Rider Strong, star of hit 90s kids TV show Boy Meets World talks exclusively about his upcoming DVD release Borderland, life after Boy Meets World and life in the low budget horror world.
Pure Movies: Borderland is getting released on DVD here in the UK on 15 February, can you give us a little synopsis; tell us about the character you play?
Rider Strong: Well, it’s about three friends who have just finished college and head down to Mexico for a weekend of partying and having a good time. Everything sort of goes a bit bad for them as one of them gets kidnapped for a human sacrifice. It’s actually based on a true story, in the 1980’s a few college students went down to Mexico and one of them got kidnapped [it’s loosely based on Adolfo de Jesus Constanzo, the leader of a religious cult that practised human sacrifice. They kidnapped and killed Mark Kilroy, a University of Texas Junior, in 1989]. I play the one that gets kidnapped, this nice guy/virgin who gets taken trying to have a nice time with his friends.
How did you prepare for the role? Did you have a few wild weekends in Mexico yourself when you were younger?
You know, not really, except in the shooting of this movie. We actually shot it in Tijuana which is one of those border towns that are a bit crazy… it’s not really Mexico, it’s not really the United States. It’s a bizarre space where everything kind of slips through the cracks and everything is vaguely legal so during filming we were just shooting on the streets, we would rehearse on the street. We would be in character and walk around and that was really where I would get a taste for what it was like. It’s not like the rest of Mexico. I’ve been to other parts of Mexico which are beautiful and awesome but when you hit those border towns, on both sides of the border it’s a very different place.
There’s a scene in the film where you all take mushrooms. Have you yourself ever taken mushrooms? Would you even tell me if you did?
No I’ve definitely done mushrooms! I mean my name’s Rider, I grew up in San Francisco California and definitely grew up with that environment around me. It was quite funny actually because the worst part about mushrooms, of course, is the taste so when we had to do the scene in the movie where they had to take mushrooms we had to down a load. They had been, like, fried up… it’s the worst thing about doing mushrooms.
So what’s next on your agenda? Have you got a big 2010?
2010? I’m actually moving into writing and directing. I’m doing some stuff with my brother. We’re gearing up for the financing for a feature and we’re making another short film. I’m moving in that direction. Acting is always there and I enjoy it but it’s kind of got a little unfulfilling lately. You know, I’m in the low budget horror world… I have a whole lot of other stuff I want to do.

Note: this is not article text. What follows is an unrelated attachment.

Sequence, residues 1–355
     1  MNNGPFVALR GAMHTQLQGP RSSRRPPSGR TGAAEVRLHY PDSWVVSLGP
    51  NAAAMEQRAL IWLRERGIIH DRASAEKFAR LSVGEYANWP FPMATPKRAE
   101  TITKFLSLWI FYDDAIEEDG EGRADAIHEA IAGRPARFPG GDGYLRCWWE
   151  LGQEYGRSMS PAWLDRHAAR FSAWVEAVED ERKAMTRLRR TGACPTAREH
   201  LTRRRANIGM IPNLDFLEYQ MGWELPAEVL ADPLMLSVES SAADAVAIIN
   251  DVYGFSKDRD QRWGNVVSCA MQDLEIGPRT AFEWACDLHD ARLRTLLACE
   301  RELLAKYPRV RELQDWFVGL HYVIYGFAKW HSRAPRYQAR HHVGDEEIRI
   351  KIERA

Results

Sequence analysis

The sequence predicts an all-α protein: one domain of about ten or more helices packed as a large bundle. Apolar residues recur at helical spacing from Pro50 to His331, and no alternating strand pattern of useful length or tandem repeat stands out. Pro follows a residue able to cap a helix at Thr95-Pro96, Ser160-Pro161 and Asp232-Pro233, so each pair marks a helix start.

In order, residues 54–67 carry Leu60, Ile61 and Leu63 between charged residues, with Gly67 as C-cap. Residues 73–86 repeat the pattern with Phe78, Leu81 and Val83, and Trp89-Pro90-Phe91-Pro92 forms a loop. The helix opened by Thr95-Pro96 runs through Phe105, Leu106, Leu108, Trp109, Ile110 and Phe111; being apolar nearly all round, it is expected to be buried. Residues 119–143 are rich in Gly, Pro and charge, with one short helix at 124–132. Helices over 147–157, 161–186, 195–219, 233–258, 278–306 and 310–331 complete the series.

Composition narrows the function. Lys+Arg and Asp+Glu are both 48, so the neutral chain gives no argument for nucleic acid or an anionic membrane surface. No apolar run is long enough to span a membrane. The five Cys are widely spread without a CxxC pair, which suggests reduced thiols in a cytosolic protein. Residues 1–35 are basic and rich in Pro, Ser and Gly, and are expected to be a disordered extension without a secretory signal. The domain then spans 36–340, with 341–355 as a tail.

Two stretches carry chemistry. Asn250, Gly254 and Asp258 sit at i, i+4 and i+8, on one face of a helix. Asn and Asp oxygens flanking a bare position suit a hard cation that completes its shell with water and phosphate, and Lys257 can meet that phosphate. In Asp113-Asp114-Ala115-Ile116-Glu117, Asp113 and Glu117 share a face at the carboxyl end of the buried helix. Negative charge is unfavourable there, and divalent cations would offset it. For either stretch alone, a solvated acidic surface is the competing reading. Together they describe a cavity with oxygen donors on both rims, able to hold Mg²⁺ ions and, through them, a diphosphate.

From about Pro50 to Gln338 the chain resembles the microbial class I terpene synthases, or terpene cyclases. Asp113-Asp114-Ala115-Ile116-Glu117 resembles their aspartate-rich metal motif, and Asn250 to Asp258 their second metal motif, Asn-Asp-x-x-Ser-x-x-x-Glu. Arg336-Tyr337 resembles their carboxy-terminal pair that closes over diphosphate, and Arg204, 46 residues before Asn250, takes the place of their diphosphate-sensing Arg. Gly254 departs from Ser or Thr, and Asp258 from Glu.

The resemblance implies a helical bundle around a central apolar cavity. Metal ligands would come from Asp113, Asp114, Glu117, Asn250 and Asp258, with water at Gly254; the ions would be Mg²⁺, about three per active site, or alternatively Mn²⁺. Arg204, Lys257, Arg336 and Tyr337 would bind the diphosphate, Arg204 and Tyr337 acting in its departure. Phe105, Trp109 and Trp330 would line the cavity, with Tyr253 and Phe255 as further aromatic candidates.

Now, I’ve got to ask at least couple Boy Meets World questions I’m afraid. First things first: did you, like, I’m sure, most of the shows male viewers, myself included, fancy Topanga at little bit?
Did I ever? No! When I met Danielle [Fishel] she 12, I was 13 and it was much more like a brother/sister relationship. There was actually one episode where we had to make out and it was very uncomfortable. So no, Danielle felt much more like a sister for me.
Can you tell me why she was called Topanga? Didn’t you think it was weird choice?
No it was always based upon an actual canyon in L.A. So they named her after that. It’s kind of less than usual for someone not from L.A. Danielle has been kind of branded by it though. People still refer to her as Topanga.
Would you say you’re the most successful member of that show?
Depends how you judge success I guess. I think I had it a lot easier to move on to other things. Ben Savage was the star of the show and he and Danielle, their relationship, was the star of the show. Because I was more on the peripheries it was much easier for me; easier for audiences to move on. We’ll see though, I wouldn’t be surprised if Ben Savage popped up in some films. I still get more recognition for Boy Meets World than anything else I’ve done.
So it’s affected your career positively?
I think it’s been great in most ways and there have definitely been some negative things. You know I’m never going to get an Oscar making something I wouldn’t ever want to be associated with. But I managed to get Cabin Fever and I think because of that I was able to get Borderland and other sort of horror stuff. It’s always a game of trying to shake up expectations. I don’t really blame anybody because the reality is that acting is always a gamble.
Borderland is available on DVD from 15 February 2010.